Combining high-z galaxy luminosity functions with Bayesian evidence
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(2019)cite arxiv:1906.06296.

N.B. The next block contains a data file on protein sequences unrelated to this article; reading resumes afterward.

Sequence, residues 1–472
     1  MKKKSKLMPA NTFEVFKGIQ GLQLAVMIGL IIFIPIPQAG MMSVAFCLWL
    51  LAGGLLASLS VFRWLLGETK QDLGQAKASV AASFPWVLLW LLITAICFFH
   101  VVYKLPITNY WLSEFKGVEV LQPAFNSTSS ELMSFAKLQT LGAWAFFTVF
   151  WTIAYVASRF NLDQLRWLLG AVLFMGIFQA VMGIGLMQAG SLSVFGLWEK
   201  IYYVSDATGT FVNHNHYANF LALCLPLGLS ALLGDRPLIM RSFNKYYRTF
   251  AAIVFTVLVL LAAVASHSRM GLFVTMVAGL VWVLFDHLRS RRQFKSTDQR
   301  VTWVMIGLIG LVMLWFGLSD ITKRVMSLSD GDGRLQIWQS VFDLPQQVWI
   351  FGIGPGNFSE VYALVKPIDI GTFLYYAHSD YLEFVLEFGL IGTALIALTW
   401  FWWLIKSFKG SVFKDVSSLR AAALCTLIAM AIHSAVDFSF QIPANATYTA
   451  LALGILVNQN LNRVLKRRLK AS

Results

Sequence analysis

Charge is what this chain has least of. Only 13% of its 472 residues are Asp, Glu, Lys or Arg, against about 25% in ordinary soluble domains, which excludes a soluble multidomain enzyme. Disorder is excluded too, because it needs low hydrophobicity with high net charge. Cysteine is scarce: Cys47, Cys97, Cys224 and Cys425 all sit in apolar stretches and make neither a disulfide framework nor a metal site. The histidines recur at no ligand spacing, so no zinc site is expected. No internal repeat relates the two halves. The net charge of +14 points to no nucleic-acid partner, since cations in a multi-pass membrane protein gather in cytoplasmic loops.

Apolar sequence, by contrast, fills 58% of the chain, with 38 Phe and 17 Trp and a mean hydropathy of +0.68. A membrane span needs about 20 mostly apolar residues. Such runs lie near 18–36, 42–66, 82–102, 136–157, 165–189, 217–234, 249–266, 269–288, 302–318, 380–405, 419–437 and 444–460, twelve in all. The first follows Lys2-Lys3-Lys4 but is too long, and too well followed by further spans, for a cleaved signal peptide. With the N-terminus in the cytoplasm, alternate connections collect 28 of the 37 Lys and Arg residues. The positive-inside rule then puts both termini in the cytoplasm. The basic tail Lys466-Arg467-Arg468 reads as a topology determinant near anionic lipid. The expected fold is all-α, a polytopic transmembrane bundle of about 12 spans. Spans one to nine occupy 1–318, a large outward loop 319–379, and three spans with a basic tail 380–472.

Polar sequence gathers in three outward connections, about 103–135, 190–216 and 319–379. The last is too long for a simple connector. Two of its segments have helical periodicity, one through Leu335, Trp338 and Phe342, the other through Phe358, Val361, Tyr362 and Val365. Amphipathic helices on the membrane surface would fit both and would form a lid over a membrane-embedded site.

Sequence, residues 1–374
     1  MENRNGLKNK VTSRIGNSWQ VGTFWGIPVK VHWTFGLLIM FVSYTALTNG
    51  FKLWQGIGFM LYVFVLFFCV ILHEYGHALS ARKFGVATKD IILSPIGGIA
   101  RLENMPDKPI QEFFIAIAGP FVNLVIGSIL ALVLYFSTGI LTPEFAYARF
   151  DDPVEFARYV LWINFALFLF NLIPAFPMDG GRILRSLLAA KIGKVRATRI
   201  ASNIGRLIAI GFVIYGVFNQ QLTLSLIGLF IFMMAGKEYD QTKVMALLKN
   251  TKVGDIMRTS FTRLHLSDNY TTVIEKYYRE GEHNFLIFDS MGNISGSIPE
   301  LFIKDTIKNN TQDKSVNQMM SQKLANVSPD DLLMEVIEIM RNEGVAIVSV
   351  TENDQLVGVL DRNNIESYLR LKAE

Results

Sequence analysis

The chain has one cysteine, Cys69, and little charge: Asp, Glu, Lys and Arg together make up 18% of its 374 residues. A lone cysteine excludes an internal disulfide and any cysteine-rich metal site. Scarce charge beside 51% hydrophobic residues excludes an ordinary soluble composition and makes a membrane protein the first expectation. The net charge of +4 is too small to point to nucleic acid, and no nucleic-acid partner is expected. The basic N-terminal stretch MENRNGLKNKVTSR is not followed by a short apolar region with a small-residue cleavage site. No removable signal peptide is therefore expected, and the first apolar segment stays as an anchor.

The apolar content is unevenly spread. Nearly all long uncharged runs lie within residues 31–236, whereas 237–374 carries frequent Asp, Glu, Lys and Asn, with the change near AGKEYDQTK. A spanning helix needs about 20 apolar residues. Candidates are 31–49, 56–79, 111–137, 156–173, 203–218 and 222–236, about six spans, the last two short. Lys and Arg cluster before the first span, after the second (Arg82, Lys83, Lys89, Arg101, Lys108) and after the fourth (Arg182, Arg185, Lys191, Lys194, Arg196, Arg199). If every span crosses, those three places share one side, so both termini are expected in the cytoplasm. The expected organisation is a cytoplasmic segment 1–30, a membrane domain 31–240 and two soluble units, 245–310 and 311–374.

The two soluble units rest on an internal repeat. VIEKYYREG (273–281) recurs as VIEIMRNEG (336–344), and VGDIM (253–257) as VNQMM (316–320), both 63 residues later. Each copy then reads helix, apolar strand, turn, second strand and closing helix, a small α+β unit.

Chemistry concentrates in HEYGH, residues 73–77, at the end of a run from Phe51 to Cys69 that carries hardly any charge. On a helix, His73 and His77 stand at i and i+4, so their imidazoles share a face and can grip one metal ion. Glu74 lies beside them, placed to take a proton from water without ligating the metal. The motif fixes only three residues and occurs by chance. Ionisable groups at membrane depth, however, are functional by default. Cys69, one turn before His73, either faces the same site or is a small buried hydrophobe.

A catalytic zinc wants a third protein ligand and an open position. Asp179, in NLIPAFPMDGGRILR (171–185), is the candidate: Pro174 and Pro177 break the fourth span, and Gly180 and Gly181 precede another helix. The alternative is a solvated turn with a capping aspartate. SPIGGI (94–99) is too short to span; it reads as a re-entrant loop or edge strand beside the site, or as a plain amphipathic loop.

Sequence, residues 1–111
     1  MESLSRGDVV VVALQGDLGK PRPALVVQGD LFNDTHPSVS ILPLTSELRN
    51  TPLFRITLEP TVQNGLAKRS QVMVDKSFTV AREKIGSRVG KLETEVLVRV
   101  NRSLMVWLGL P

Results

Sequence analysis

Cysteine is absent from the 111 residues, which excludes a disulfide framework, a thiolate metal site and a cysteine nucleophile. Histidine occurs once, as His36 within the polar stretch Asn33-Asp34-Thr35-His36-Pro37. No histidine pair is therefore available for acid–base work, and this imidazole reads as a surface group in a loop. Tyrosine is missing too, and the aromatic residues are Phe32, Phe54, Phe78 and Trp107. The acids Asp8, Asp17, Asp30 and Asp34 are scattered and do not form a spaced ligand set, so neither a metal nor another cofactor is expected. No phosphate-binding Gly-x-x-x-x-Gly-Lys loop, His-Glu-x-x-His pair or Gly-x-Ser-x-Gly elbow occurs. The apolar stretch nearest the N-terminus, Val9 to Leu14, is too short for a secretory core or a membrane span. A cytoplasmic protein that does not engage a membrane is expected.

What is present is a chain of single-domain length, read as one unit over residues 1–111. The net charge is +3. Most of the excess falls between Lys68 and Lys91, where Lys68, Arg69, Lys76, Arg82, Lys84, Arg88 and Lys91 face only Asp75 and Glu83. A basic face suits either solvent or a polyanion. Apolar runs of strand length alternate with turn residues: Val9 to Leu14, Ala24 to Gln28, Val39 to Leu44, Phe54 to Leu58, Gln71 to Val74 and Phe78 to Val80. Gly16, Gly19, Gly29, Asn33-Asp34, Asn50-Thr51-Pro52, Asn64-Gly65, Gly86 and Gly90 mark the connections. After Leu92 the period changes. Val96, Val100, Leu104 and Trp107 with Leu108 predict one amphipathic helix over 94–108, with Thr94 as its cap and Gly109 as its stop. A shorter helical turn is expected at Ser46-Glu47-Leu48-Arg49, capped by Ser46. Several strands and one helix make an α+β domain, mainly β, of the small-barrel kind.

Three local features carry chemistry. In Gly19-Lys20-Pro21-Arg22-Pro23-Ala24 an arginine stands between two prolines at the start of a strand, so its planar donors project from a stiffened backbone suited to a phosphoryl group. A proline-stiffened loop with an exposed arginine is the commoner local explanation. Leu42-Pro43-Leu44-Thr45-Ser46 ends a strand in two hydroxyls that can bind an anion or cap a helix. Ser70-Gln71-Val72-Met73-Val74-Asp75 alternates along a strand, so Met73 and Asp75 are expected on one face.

Galaxy formation during the first billion years of our Universe remains a challenging problem at the forefront of astrophysical cosmology. Although these $z 6$ galaxies are likely responsible for the last major phase change of our Universe, the epoch of reionization (EoR), detailed studies are possible only for relatively rare, bright objects. Characterizing the fainter galaxies which are more representative of the population as a whole is currently done mainly through their non-ionizing UV luminosity function (LF). Observing the faint end of the UV LFs is nevertheless challenging, and current estimates can differ by orders of magnitude. Here we propose a methodology to combine disparate high-$z$ UV LF data sets in a Bayesian framework: Bayesian Data Averaging (BDA). Using a flexible, physically-motivated galaxy model, we compute the relative evidence of various $z=6$ UV LFs within the magnitude range $-20 M_UV -15$ which is common to the data sets. Our model, based primarily on power-law scalings of the halo mass function, naturally penalizes systematically jagged data points as well as mis-estimated errors. We then use the relative evidence to weigh the posteriors obtained from disparate LF observations during the EoR, $6 z 10$. The resulting LFs suggest that the star formation rate density (SFRD) integrated down to a UV magnitude of -17 represent $60.9^+11.3_-9.6\%$ / $28.2^+9.3_-10.1\%$ / $5.7^+4.5_-4.7\%$ of the total SFRD at redshifts 6 / 10 / 15. The BDA framework we introduce enables galaxy models to leverage multiple, analogous observational data sets.
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